The statement immediately was criticized as not credible Friday by an alumnae group trying to preserve the 145-year-old single-sex college.

    Authors in the statement refer to themselves only as “the faculty of Chatham University.”

    The four-paragraph message said it is once again time for Chatham to change.

    “We recognize that the proposal to become coeducational is based on the need to expand and enrich our undergraduate college in response to changing demographics and student interests in higher education,” it read in part. “We want our students to have a range of choices in their majors and courses, vibrant classrooms, and robust programs. Therefore, the faculty of Chatham University conclude that the next logical step is for the Board of Trustees to consider coeducation to help us achieve these goals.

    “We do not consider this option lightly, nor do we consider it a panacea.”

    It was unclear how many votes by full-time faculty eligible to take part came from those teaching within the all-women’s college or from other areas of Chatham already coed. It was posted Thursday to a blog on Chatham’s website.

    Mr. Campbell said the statement was not an outright endorsement of going coed, noting it also asked that trustees consider all options and listen to all constituencies. He said the university has 106 full-time faculty.

    “At this point, the faculty reps do not wish to speak to the media and refer all [interview] requests to the statement as their official position on the resolution/issue under discussion,” he said by email Friday.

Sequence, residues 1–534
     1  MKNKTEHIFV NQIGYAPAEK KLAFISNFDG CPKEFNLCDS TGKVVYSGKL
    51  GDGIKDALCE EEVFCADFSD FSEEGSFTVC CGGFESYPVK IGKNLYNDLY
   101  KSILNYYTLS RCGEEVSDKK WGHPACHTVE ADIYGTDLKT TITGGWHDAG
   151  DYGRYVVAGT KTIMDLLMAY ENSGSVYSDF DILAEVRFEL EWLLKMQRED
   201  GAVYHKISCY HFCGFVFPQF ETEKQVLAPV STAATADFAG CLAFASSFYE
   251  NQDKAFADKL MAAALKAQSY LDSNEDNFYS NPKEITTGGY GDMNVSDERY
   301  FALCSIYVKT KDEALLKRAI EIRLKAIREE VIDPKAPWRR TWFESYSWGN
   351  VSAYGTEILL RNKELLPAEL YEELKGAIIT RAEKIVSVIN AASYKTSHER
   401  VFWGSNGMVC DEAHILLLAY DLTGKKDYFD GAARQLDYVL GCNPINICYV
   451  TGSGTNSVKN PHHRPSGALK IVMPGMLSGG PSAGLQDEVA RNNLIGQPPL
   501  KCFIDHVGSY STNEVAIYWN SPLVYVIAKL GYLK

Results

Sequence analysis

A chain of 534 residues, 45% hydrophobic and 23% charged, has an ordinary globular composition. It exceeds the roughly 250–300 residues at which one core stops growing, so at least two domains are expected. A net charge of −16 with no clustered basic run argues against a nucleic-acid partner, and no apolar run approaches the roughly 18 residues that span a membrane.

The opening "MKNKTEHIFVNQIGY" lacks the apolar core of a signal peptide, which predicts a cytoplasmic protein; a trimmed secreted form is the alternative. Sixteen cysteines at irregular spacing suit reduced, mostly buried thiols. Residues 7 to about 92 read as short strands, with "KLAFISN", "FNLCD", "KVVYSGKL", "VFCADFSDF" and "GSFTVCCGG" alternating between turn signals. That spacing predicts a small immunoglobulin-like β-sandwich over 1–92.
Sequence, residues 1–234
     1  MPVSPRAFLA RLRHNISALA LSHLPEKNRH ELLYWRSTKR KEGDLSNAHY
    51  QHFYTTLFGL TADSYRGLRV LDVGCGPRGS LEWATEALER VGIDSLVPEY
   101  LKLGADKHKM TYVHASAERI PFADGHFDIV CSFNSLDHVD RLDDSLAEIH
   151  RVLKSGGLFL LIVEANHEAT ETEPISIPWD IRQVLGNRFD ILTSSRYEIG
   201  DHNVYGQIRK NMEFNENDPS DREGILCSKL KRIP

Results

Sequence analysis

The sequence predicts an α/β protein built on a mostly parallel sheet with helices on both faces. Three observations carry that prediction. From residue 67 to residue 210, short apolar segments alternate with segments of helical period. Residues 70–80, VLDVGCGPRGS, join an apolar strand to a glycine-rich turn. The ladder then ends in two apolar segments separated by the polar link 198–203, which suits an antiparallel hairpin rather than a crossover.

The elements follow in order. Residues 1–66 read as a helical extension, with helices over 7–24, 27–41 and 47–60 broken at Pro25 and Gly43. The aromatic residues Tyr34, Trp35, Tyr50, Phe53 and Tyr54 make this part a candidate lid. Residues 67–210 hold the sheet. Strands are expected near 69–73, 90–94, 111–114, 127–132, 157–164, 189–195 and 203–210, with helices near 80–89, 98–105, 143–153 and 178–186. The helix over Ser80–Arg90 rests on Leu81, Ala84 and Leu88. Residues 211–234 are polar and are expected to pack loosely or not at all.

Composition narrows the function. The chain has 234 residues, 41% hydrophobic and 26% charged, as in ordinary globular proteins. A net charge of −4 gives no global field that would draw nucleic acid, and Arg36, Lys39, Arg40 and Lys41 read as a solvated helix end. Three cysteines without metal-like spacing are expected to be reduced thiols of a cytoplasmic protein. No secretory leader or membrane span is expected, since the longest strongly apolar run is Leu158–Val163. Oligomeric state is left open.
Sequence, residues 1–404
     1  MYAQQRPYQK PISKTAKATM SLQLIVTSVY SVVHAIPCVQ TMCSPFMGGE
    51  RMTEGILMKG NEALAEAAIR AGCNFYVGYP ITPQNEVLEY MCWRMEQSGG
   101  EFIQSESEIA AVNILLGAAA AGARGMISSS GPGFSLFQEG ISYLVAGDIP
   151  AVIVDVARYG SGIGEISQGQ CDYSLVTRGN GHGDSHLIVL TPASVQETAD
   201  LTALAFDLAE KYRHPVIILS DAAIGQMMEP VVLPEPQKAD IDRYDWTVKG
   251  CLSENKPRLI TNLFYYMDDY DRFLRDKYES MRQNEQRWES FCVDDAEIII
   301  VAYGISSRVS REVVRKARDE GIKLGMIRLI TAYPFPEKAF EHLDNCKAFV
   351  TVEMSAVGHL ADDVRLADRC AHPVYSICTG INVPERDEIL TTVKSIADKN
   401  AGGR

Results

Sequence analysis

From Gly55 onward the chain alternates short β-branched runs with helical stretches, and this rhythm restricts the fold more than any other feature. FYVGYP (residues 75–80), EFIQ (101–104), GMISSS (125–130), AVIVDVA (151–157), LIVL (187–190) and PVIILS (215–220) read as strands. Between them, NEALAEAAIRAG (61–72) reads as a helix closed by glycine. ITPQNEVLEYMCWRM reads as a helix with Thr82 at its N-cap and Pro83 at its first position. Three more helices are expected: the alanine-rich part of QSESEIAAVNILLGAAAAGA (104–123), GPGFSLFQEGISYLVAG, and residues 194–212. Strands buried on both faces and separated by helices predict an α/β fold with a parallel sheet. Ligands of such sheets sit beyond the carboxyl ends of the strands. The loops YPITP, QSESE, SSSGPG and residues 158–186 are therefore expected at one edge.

He said a trustee vote on the coed idea is expected either May 1 or June 6. “When that happens … I’m working to have faculty representation lined up to speak to the media.”

    Alexa New, a 2008 graduate from Cleveland and a spokeswoman for a group dubbed the Save Chatham movement, said the anonymous statement is one more reason members have grown frustrated with the process.

    “We simply can’t give a statement like this any weight without it being signed by name,” she said. “Chatham administration should answer: Who are the faculty members included in this vote?”

    Chatham does not have an elected faculty body, Mr Campbell said. Instead, the statement idea was put forward by administrators who serve on Chatham’s “University Committee,” which met with undergraduate and graduate faculty respectively on March 21 and 27. The panel consists of six administrators, six faculty and Chatham president Esther Barazzone, who did not attend either meeting, Mr. Campbell said.

    Undergraduate faculty voted initially to take a position, Mr. Campbell said. A draft statement had already been initiated by the dean of the women’s college and the vice president of academic affairs in collaboration with faculty on the panel, Mr. Campbell said. One or more modified versions were considered before the statement was approved, Mr. Campbell said. It also was approved during the graduate faculty meeting.

    He would say only that there was a quorum at both meetings.

  5. Rachel Lenzi says:

    The federal government released yesterday a list of 55 institutions that are being investigated for potential Title IX violations, not limited to but including sexual assault and sexual harassment. As a co-educational institution, Chatham now has a whole new set of issues and ramifications it must educate itself upon.

    And I will not financially or intellectually enable this type of learning environment.

    http://www.ed.gov/news/press-releases/us-department-education-releases-list-higher-education-institutions-open-title-i